USING militants as proxies is a flawed policy. Although this assertion has proved correct time and again, the Pakistani establishment has failed to abandon the policy. The latest evidence that this strategy has backfired comes in the form of the rise of the curiously named Mangal Bagh, a militant leader from the Khyber tribal region who reportedly enjoyed tacit state support to keep the TTP at bay. However, while Mangal Bagh had already turned his guns on the state, it has now emerged that he has joined forces with the Taliban after previously distancing himself from them. While he heads the Laskhar-i-Islam, his own militant group, he has also been chosen as the TTP’s ‘supreme commander’ for Khyber. The alliance will likely strengthen the TTP as it battles the army for control of the Tirah valley and its surrounding areas. Reports indicate that the militants are putting up stiff resistance. The militants also pose a danger to Peshawar, which is not too far from the areas currently under the extremists’ grip.
Mangal Bagh is a protégé of Mufti Munir Shakir, who previously led the LI. The mufti, belonging to the Deobandi school of thought, railed against Pir Saifur Rahman and his Barelvi-leaning Ansarul Islam, which was believed to enjoy government support. Both groups also fought a vigorous war over FM radio, in which they preached their respective versions of Islam in attempts to convert the local flock to their creed. From initially being involved in a sectarian conflict, Mangal Bagh went on to become Khyber’s most powerful militant. His rise is similar to that of Fazlullah in Malakand; Mangal Bagh established a parallel administration, including ‘courts’ and lock-ups, in Bara while the state looked the other way. But also like Fazlullah, he turned out to be too slippery to handle; now, along with his newfound allies in the TTP, he is occupying territory and giving the state a tough fight.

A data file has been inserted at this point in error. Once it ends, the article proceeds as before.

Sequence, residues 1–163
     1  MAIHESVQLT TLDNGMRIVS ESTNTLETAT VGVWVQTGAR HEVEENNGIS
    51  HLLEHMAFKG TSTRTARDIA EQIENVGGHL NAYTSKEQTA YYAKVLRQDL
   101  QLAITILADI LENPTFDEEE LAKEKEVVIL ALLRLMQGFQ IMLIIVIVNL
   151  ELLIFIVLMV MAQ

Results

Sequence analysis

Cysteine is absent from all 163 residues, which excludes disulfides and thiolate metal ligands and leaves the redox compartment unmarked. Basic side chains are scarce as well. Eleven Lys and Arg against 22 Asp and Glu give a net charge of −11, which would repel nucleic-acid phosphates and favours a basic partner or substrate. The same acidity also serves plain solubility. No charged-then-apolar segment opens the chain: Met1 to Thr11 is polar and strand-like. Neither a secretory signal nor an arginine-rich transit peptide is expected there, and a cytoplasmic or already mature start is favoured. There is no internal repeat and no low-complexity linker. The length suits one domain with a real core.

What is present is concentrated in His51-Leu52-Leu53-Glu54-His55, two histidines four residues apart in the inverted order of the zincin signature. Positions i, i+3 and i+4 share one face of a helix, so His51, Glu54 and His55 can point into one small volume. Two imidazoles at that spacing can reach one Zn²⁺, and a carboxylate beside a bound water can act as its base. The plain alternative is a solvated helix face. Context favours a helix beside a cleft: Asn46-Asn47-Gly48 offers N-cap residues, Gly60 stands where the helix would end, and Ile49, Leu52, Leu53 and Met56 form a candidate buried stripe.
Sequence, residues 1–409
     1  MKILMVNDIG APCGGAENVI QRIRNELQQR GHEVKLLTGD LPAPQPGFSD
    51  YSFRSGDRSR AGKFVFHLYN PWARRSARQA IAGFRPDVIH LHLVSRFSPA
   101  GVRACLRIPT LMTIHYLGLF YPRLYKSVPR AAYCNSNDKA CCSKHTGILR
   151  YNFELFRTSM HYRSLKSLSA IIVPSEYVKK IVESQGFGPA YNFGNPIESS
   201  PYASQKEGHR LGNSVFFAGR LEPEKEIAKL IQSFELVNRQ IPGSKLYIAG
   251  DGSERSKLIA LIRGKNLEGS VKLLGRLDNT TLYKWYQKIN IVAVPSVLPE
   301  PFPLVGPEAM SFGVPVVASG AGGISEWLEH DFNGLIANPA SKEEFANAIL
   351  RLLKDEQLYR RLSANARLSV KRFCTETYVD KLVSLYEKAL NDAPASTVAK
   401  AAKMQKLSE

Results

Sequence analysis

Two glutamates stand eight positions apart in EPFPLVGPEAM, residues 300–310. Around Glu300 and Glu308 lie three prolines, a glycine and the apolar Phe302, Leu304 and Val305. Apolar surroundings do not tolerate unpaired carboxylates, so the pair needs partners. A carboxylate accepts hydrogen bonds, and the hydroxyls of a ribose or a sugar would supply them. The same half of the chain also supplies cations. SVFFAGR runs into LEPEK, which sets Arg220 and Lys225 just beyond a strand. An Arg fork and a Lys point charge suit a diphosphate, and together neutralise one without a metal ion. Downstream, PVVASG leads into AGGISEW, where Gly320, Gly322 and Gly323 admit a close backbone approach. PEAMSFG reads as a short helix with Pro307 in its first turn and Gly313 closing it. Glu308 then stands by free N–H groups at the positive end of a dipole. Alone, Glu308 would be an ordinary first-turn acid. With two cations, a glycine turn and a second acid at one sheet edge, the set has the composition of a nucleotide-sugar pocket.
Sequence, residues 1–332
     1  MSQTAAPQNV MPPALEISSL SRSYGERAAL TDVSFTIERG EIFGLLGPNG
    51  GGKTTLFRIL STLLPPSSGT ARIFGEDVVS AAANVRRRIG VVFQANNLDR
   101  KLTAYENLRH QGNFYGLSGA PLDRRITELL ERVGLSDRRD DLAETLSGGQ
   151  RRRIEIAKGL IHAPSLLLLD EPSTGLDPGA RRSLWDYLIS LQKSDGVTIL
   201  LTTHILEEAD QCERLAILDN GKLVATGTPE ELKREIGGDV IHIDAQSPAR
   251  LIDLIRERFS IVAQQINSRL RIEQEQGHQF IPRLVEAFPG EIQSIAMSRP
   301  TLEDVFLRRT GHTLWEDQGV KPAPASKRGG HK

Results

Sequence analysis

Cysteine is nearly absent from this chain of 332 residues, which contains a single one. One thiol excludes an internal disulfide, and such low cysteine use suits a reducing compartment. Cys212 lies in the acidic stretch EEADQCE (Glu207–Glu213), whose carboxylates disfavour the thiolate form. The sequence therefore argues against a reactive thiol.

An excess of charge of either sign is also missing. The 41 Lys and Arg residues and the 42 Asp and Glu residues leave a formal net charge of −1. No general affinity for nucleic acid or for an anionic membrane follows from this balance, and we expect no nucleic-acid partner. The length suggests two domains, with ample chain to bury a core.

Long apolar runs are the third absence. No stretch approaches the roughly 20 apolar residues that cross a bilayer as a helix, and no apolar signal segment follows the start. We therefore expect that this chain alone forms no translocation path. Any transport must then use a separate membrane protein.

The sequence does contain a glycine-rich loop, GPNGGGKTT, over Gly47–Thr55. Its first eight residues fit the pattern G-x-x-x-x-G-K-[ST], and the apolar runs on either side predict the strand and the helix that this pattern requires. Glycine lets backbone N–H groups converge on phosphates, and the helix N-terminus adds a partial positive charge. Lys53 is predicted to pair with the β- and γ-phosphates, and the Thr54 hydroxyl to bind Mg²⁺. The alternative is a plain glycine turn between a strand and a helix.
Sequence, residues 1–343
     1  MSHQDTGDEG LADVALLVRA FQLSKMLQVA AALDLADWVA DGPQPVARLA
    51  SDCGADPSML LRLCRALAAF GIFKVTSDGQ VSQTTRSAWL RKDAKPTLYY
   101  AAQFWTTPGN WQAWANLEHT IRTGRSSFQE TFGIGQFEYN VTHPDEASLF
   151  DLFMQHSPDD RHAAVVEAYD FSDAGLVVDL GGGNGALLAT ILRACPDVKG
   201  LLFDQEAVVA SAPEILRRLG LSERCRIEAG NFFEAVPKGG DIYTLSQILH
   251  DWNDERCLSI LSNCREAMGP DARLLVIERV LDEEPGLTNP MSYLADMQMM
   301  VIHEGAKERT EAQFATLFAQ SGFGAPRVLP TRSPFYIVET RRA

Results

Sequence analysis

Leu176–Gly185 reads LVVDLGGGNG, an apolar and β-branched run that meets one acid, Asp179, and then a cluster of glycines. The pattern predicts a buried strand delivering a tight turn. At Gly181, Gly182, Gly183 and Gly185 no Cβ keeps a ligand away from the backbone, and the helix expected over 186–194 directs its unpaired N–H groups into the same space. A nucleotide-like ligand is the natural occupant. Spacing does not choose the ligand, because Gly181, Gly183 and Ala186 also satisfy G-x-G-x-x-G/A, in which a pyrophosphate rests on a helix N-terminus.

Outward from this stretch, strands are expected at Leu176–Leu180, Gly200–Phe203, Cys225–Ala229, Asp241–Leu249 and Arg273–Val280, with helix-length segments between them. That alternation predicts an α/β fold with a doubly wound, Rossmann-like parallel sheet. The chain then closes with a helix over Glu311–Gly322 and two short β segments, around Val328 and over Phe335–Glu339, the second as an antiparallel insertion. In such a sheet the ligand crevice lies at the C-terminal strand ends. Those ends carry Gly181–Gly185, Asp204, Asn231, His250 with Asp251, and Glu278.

It is evident that in the short term, the state needs to clear and hold the territory occupied by the militants and pursue the current operation to its logical end — which means destroying the militant infrastructure and bringing the leaders to justice. In the long term, it should be conclusively settled that doing business with violent extremists is a dangerous and unwise proposition. Any militant group that challenges the state’s writ or threatens to do so must be dealt with before it turns into a monster.